• The dry weather also means the right conditions for sleeping in a sky suite, such as those at Tuludi Camp. You can sleep on a canopy bed on an elevated platform out in the bush, with animals passing just beneath you in the night.
  • While you can still see the big 5 and other star attraction safari animals further north in the Delta and Chobe areas, as well as the Boteti River to the north of Makgadikgadi, the salt pans and Central Kalahari will offer the chance to view desert animals and landscapes.
  • This time period is often easier for people to get time off to travel, as it coincides with the northern hemisphere’s summer holidays.

Cons

  • While one might argue that thinner vegetation means less in the way of a shot, photographers sometimes complain of brown sticks/grasses are not only visually uninteresting, but also mess up depth of field shots.
  • While there are still hundreds of endemic species to view, there are fewer migrant bird species visiting Botswana in winter and the dry season.
  • The lodges fill up really fast, some more than a year in advance and rates are significantly higher. We strongly recommend that you don’t wait too long to book if you’re planning on travelling in high season. The busiest month is July, and in some cases the same trip might cost another $1,000 per person if this is the only month you can travel.
  • Busy lodges mean busier parks and roads. We can make recommendations of how to best avoid the biggest crowds, by choosing the western side of Chobe versus the east, for example.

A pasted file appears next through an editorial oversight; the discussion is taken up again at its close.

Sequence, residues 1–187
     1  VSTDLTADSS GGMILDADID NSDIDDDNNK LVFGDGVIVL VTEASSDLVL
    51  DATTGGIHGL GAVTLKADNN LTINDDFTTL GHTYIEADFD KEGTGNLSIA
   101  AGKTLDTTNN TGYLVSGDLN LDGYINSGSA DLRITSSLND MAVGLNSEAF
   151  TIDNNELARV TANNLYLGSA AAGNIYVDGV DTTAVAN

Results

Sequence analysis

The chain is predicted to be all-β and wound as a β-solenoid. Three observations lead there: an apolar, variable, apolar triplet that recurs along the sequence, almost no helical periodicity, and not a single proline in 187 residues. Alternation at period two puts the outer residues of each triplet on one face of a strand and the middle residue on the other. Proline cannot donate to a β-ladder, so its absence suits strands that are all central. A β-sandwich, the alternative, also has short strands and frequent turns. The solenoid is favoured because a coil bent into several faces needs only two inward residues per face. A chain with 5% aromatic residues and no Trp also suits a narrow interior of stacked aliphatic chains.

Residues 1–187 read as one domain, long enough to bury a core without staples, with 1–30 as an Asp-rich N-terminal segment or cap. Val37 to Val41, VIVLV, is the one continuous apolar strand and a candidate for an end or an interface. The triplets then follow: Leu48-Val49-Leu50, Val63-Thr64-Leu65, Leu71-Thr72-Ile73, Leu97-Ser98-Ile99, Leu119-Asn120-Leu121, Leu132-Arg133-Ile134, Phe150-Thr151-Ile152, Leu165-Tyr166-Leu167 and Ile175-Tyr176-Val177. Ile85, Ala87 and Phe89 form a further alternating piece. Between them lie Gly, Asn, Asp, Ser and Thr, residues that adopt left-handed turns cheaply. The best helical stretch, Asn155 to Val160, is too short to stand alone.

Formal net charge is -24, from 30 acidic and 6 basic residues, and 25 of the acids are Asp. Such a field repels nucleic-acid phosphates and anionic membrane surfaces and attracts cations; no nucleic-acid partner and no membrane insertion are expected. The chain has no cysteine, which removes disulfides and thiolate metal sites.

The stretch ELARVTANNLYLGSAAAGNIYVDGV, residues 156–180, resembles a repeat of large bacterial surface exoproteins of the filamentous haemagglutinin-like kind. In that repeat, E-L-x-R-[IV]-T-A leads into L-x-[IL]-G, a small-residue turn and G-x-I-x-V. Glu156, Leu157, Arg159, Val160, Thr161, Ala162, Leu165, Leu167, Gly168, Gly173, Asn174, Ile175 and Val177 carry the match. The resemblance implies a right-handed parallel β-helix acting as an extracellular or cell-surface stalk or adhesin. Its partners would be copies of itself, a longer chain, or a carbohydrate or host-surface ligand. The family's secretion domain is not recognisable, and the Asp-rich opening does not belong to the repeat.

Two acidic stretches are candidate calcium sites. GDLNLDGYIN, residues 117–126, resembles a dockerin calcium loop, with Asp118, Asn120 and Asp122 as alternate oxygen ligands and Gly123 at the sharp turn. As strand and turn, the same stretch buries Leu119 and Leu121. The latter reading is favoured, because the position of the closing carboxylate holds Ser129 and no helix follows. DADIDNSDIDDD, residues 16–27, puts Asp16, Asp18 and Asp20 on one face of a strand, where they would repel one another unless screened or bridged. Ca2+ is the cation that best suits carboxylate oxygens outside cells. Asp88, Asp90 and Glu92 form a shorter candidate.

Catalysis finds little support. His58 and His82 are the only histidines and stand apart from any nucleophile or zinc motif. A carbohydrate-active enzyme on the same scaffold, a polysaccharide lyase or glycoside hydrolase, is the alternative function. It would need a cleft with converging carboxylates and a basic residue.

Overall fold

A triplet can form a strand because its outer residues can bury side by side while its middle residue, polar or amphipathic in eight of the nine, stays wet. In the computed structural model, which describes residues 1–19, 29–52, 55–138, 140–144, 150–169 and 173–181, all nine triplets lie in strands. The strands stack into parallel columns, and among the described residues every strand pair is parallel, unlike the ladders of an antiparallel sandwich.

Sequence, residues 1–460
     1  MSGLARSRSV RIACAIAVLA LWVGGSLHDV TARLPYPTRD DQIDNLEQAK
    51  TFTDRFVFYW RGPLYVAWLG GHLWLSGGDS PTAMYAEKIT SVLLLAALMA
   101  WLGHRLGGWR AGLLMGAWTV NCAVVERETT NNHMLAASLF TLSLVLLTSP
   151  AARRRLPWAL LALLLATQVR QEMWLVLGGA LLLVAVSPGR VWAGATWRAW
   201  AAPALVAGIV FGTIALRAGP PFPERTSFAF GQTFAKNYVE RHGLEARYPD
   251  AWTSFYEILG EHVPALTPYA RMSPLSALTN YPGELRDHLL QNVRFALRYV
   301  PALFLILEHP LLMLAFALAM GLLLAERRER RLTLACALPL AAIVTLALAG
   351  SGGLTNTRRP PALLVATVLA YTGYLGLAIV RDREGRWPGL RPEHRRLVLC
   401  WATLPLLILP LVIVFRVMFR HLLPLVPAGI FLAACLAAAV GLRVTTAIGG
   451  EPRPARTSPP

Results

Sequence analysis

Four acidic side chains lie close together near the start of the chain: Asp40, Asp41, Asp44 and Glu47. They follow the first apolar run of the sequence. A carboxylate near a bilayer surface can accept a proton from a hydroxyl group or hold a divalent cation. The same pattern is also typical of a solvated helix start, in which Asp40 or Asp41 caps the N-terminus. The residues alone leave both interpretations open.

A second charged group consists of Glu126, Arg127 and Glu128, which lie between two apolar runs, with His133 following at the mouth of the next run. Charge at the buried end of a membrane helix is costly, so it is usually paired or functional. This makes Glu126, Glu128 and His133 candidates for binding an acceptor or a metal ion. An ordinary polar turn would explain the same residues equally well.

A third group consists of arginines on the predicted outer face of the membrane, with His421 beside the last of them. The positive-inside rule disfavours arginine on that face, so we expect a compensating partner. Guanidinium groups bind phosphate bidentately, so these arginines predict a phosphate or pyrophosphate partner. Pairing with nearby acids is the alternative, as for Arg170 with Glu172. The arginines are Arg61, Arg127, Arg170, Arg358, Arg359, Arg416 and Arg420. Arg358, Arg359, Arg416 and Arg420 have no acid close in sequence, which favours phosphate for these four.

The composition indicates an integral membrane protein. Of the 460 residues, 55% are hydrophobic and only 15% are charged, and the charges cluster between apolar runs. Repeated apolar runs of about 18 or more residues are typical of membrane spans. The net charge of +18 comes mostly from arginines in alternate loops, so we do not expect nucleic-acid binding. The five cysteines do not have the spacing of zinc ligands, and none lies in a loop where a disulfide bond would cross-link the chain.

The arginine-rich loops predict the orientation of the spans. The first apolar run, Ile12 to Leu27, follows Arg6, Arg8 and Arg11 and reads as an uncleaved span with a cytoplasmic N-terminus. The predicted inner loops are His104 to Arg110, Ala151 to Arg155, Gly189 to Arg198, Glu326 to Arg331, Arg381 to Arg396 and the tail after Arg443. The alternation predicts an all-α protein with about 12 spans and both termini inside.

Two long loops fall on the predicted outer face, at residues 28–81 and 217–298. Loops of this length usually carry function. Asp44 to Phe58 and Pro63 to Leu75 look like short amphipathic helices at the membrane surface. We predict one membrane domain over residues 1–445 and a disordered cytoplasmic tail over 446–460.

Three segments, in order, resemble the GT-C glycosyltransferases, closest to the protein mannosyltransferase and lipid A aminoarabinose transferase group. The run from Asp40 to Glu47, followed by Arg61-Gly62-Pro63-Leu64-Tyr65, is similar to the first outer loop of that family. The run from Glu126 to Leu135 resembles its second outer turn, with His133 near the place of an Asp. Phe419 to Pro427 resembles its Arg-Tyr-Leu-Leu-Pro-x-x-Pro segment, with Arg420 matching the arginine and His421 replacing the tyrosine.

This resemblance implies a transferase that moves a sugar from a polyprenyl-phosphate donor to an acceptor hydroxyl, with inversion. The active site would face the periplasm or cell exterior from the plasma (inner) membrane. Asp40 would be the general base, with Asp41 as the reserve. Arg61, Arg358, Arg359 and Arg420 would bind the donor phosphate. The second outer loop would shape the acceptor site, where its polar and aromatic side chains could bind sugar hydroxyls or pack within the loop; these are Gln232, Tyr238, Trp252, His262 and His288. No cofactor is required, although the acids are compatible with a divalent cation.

Weather

  • Nights and early mornings can be surprisingly cold in winter, dropping as low as 6°C/43°F at night in June and July. The temperature rises quickly during the day though and can go as high as 26°C/79°F.
    Sun-chasers will likely still have the odd day by the pool, while people that struggle with the heat will have an easier time of it than in summer.
  • By contrast and still in high season, temperatures rise sharply in September and October, with October being the hottest month of the year. Daytime temperatures can rise to around 35°C/95°F.

 

Green season (low season/off-peak)

Months: November, December, January, February, March, April

Pros

  • This is a fantastic time to visit the Central Kalahari, when this semi-arid region comes alive with lush grasses, providing plentiful food for grazing and browsing animals, attracting the ever-favourite predators.
  • The usually dry Makgadikgadi Pans also fill with water, attracting grazing herds and huge flocks of flamingos, making this an excellent time for game-viewing in this area, compared to drier seasons, when non-desert game tends to stick to wetter areas.
  • The afternoon thunderstorms are dramatic and beautiful, and enormous clouds and flashing lightning can be admired from the comfort of your lodge deck.
  • Photographers love both the dramatic skies as well as the lush backgrounds created by lush plant life.
  • This is low season, meaning better availability lower lodge prices, and a better chance of travel deals.
  • This is birthing season in parks around the country. The baby animals are adorable…but in addition, their presence attracts predators hoping for an easy meal.
  • Botswana has hundreds of endemic species of birds who live there all year round, but the summer also attracts a large number of migrant species, making it an ideal time for a birding safari.
  • From the start of the summer rains in November or December, huge herds of zebra migrate south from Chobe and Okavango Delta towards the Kalahari Desert in just a few weeks, stopping at the Nxai and Makgadikgadi Pans to enjoy the new summer grasses.
    From March, the zebras start to form large herds again for their journey back north as the Kalahari water sources dry up. Green season Botswana safaris offer the unique opportunity to witness this large-scale migration.

Cons

  • It’s not possible to sleep out on the Makgadikgadi Pans or in the sky suites of lodges that offer them, due to wet conditions.
  • In spite of all the rains, the water levels in Okavango Delta/Moremi regions are often too low for mokoro trips, and some lodges close entirely as they become virtually inaccessible.
  • Self-drive becomes significantly more difficult, with many of the roads turning to mud.